D) An alternative to longer duration exercise to kick start fat metabolism is the low carbo diet. The famous Atkins diet actually creeps carbo intake back in until you reach a level where you stop loosing weight or start putting it back on. Low carbo should NOT be combined with my diet and exercise regime, but you can moderate starch and sugar intake greatly when you cannot train due to injury or weather or busy weeks.

Basically Atkins was able to clarify that a high fat diet does not lead to obesity. We already knew that a high sugar diet does and Atkins proposed that all carbos are to blame, from our carbo maxed 1980s diet cycle. In fact starchy carbos are only problematic in larger amounts or when taken with too much sugar. It is when the body is overloaded with sugar in a meal or even a single super sized fizzy drink , that the system compensates for potential hyperglycaemia by re-engineering sugars to fat for storage. Fitter people have higher capacity in the other store, glycogen, which is not related to significant weight gain at all.

E) In a sporty 30 something we begin to forget that our peak as amateur sportsperson was earlier and we now train less,  though, but at least think that this is maybe more intensely. Also we eat as we did when we trained and peaked, plus some we forget.  And we have higher income and more opportunities for socialising and beer drinking. By 40 we have kids and hop out for shorter sessions, often leaving competitive sport behind. We dont adjust our eating habits and exercise makes us more hungry and we snack, like we did 20 years earlier, but without the same calorie deficit we had back then. We wear our surplus round our middles and on our lower chin.

F) With this diet and exercise regime, we should also find that we have a peak weight loss after some months of strict adherence to it. This is partly because the body achieves a higher VO2 max, and we can achieve a higher max than with shorter, intense sessions five times a week  - long steady but sweaty sessions are excellent for we ageing "atheletes" because they are less wear and tear on the body than the "gynm bursts" most of us got used to.  In reality we only achieve 20- 40 minutes good effect on VO2 max by a typical gymn work out of mixed aerobic and weights. The super burst nano training is better for VO2 max and Insulin response as demonstrated bgy researchers at Nottingham and Glasgow universities. However the 30 second times six max outs will not really help you burn much fat. You can of course include them in a long two hour session anyway!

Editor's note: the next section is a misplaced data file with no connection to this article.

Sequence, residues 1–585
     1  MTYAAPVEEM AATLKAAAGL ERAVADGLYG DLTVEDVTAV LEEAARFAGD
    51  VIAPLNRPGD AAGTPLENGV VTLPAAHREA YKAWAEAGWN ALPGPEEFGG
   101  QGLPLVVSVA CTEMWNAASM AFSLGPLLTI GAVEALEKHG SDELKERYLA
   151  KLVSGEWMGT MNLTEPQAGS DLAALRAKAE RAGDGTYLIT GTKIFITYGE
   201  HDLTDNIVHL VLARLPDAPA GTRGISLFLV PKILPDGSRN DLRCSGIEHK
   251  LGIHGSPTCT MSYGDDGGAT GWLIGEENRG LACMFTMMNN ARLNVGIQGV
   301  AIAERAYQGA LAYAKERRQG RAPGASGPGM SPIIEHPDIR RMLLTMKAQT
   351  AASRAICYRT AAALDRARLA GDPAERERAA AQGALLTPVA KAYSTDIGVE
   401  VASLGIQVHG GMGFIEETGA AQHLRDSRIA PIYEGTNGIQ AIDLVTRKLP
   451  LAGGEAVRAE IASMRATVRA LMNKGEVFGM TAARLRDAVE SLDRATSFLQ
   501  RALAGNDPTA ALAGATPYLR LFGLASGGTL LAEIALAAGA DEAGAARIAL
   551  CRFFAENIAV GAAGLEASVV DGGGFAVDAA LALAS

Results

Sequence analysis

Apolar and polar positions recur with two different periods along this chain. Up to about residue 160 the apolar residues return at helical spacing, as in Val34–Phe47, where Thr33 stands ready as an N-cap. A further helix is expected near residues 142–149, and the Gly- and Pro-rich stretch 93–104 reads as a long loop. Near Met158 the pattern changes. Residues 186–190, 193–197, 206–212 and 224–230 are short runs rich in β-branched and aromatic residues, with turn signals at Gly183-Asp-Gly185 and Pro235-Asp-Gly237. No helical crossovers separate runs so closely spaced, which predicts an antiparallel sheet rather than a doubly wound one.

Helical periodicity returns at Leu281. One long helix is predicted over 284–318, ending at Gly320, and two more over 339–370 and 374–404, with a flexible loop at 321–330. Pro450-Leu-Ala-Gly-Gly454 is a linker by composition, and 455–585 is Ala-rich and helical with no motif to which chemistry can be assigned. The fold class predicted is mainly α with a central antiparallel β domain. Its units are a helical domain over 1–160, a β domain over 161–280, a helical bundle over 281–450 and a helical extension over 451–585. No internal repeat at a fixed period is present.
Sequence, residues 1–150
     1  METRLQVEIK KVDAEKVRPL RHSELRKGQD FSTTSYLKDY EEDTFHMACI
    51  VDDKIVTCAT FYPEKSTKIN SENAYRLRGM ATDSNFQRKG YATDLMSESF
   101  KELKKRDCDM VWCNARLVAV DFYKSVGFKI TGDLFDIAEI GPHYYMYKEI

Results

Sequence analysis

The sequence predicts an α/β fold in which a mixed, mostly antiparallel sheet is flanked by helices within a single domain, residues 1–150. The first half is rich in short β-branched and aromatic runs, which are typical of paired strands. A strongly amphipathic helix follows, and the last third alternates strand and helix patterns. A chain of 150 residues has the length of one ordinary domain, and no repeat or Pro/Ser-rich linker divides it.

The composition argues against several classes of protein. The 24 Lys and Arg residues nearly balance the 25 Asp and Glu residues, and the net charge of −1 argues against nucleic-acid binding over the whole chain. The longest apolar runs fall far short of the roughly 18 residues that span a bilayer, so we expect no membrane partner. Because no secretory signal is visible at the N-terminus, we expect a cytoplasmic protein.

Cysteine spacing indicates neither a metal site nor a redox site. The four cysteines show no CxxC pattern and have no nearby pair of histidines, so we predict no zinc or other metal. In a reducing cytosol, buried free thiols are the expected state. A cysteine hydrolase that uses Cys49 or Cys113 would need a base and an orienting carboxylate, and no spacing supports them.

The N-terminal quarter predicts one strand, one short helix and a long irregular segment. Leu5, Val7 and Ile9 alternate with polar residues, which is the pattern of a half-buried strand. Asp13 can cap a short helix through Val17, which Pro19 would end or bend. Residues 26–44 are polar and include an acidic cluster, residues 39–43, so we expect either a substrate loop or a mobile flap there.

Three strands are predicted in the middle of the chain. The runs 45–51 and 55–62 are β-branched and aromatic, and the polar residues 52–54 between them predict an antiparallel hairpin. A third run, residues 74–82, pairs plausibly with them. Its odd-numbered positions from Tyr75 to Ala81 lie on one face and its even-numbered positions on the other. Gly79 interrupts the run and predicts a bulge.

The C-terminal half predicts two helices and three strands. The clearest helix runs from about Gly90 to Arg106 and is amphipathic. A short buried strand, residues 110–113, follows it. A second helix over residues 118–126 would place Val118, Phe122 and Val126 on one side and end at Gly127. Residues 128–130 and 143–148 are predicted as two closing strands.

E) That the body learns to use fat again seems also to be important in long term weight loss and maintenance, but more important is to change lifestyle : when finished with the regime, you cannot turn back from the new eating and drinking lifestyle you now have learned if you want to hold your new figure you have worked so hard for.

F) Awareness to life's wee extras is the key to this diet for sporty fatties, as much as doing the longer training sessions. The key to staying slimmer post diet phase is to keep up this awareness of extras and you can calorie count in times when you lack time or health to train normally in future.

Basically here for the once very sporty, now a bit rotund over 30, I have counted the calories for you, and worked out that they lie in luxuries and that we no longer burn off as much as we used to,  and that therefore our mid rift spare tyre needs to be burnt off slowly but surely with longer duration exercise and cutting way down on luxuries to a point when they are just that, and we can even live a week or two without them.

F) IMPORTANT : This diet is for people who have been well trained in earlier life and have maintained some degree of training through their lives, just that they have put on weight overtime in fat deposits.  If you have never been fit or are now quite obese then you will find it hard to follow this regime, but not impossible. Consult a doctor if you are obese, totally unfit, or have health issues such as  a heart condition or anything unusual happens when you train.

G) once at your desired weight , then you can ease down the duration of sessions of exercise and change over to shorter, more intensive sessions which will help you maintain your VO2 max and general fitness and muscle mass. As long as you follow point E. Alternatively you can take up bigger nights out on the town say , but then walk home to burn beer sugars down, and then throw in a gentle two hour session the next day to help shift glycogen from your liver such that that reserve is what is being filled up by your normal diet opver the weekend, and you are not overloading into fat gain.